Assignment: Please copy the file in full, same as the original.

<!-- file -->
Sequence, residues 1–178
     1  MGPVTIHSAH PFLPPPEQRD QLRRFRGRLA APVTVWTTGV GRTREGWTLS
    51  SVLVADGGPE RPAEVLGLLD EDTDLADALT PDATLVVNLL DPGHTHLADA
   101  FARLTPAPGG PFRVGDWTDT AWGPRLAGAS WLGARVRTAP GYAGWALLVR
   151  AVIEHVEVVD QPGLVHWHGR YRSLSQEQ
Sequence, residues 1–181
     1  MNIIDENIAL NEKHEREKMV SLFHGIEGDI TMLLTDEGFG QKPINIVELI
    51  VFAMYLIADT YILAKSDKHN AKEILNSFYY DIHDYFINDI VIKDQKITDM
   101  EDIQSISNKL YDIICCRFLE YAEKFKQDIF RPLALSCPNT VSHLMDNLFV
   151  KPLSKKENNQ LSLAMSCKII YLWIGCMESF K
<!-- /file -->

Sequence, residues 1–178
     1  MGPVTIHSAH PFLPPPEQRD QLRRFRGRLA APVTVWTTGV GRTREGWTLS
    51  SVLVADGGPE RPAEVLGLLD EDTDLADALT PDATLVVNLL DPGHTHLADA
   101  FARLTPAPGG PFRVGDWTDT AWGPRLAGAS WLGARVRTAP GYAGWALLVR
   151  AVIEHVEVVD QPGLVHWHGR YRSLSQEQ
Sequence, residues 1–181
     1  MNIIDENIAL NEKHEREKMV SLFHGIEGDI TMLLTDEGFG QKPINIVELI
    51  VFAMYLIADT YILAKSDKHN AKEILNSFYY DIHDYFINDI VIKDQKITDM
   101  EDIQSISNKL YDIICCRFLE YAEKFKQDIF RPLALSCPNT VSHLMDNLFV
   151  KPLSKKENNQ LSLAMSCKII YLWIGCMESF K